Cabot Corp. to Buy Carbon Black Plant for $9M

The company signed an agreement to acquire the facility in Tianjin, China from its current owner Tokai Carbon Group.

John S. Forrester, former Managing Editor

November 15, 2021

2 Min Read
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Image courtesy of Cabot Corp.

Specialty chemicals and performance materials manufacturer Cabot Corp. announced Monday that a definitive agreement was signed to purchase Tokai Carbon (Tianjin) Co. Ltd. and its carbon black site in Tianjin, China from Tokai Carbon Group. The firm will pay $9 million to acquire the asset, which is situated near Cabot’s existing carbon black and specialty compounds plant in the city.

“The acquisition of Tokai Carbon (Tianjin) is a natural extension for us as it aligns with our strategy to strengthen our global leadership positions while pursuing advantaged growth opportunities in high-growth, high-performance markets such as battery materials,” Cabot President and CEO Sean Koehane said in a statement. “With the acquisition, we will be better positioned to deliver solutions that meet the rapidly increasing demands for lithium-ion batteries and will do so by operating responsibly and investing in advanced environmental controls to reduce our impact.”

Conductive carbon black additives are used in boost the cycle life and range of lithium ion batteries, including those found in electric vehicles (EVs). Tokai Carbon Group’s plant has a capacity of 50,000 mt/yr of carbon black. Following the transfer of ownership, Cabot said it intends to upgrade the facility to manufacture battery grades of the product.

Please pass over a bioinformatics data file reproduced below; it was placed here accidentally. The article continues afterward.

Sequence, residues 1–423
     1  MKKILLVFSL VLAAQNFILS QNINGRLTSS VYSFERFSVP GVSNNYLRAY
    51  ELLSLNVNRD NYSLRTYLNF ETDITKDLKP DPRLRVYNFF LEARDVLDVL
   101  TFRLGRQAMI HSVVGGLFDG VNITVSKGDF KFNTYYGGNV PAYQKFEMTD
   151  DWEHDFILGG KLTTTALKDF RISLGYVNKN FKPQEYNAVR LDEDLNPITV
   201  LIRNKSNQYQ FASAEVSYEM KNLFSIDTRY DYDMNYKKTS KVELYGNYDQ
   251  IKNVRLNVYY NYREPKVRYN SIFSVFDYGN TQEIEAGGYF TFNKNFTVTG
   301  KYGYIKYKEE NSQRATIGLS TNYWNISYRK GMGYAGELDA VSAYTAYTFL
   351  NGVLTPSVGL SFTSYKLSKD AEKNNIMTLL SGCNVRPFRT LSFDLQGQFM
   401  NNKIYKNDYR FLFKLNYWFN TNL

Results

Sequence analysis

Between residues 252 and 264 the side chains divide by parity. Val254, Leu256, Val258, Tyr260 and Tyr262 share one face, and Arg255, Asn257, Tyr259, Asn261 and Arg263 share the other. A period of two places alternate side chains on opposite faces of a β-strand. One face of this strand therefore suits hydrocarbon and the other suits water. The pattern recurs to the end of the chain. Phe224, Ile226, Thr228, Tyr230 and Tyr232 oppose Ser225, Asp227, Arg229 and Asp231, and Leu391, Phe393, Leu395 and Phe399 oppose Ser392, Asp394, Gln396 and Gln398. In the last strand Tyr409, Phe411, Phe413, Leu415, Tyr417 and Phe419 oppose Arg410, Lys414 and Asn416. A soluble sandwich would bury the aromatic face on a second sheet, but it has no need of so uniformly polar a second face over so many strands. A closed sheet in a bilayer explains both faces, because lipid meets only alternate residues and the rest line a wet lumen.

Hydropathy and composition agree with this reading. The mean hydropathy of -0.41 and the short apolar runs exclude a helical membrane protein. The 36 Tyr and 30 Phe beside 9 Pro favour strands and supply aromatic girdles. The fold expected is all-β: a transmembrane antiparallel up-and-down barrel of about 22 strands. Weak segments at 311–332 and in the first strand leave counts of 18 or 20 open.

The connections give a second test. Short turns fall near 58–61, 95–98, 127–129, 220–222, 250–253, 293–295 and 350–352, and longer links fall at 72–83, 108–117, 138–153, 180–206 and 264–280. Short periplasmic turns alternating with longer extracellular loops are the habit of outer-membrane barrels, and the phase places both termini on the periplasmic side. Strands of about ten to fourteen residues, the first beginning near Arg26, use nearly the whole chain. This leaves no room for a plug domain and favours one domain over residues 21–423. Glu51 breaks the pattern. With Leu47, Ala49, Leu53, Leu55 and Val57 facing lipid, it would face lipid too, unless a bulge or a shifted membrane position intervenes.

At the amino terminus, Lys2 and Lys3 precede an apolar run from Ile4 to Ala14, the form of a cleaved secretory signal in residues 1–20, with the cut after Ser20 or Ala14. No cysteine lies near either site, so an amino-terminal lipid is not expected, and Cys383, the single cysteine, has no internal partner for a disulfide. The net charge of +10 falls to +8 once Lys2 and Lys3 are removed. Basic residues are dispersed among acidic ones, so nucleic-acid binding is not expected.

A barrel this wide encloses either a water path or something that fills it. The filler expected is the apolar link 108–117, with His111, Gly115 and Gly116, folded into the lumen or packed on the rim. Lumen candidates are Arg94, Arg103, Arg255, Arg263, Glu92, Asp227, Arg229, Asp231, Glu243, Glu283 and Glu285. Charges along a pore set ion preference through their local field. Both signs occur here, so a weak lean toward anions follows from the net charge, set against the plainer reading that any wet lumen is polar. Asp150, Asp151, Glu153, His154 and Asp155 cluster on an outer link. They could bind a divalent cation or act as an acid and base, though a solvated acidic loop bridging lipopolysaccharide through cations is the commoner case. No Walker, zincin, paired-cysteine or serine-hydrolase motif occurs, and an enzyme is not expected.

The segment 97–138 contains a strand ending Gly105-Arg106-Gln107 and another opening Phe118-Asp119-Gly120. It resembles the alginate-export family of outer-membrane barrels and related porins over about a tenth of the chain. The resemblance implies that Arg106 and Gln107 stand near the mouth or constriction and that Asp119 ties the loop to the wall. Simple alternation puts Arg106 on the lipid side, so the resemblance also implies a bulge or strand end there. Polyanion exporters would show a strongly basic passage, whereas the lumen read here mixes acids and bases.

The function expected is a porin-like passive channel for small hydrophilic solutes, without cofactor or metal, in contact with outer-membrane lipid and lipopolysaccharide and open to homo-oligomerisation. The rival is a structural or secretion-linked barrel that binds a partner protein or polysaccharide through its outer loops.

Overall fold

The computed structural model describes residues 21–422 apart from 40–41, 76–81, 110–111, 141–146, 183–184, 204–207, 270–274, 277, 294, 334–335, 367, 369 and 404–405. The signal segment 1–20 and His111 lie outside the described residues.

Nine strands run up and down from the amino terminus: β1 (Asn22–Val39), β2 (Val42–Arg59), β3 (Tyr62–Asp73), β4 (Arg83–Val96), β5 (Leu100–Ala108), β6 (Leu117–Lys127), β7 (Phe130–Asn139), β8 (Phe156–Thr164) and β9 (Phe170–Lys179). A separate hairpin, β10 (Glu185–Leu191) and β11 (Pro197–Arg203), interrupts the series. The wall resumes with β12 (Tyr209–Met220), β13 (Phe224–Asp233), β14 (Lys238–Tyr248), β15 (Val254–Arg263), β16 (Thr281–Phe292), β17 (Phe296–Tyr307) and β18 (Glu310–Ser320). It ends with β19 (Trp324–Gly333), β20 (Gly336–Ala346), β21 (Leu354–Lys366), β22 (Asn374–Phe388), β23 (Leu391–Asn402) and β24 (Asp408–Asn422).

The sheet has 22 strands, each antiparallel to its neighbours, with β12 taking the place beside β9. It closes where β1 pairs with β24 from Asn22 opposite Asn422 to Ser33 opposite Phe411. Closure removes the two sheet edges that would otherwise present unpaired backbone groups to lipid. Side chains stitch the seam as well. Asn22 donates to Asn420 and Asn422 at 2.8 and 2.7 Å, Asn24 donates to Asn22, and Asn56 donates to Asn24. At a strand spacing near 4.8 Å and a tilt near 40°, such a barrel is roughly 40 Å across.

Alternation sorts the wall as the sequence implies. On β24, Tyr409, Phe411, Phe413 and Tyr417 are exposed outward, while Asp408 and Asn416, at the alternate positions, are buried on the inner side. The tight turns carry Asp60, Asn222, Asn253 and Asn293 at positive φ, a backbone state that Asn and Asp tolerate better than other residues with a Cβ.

“We are very pleased to transfer the business to Cabot and wish the employees great success with the new owner,” said Hajime Nagasaka, president and CEO of Tokai Carbon Co. Ltd., in a statement.

The deal is expected to close in the second fiscal quarter of 2022.

Cabot launched a $90 million project to improve the efficiency and environmental profile of its Ville Platte, LA carbon black plant in July 2020, Powder & Bulk Solids reported. The company said it plans to create a cohesive system that will capture steam from the incineration process, remove impurities, and provide electricity to the facility.

About the Author(s)

John S. Forrester

former Managing Editor, Powder & Bulk Solids

John S. Forrester is the former managing editor of Powder & Bulk Solids.

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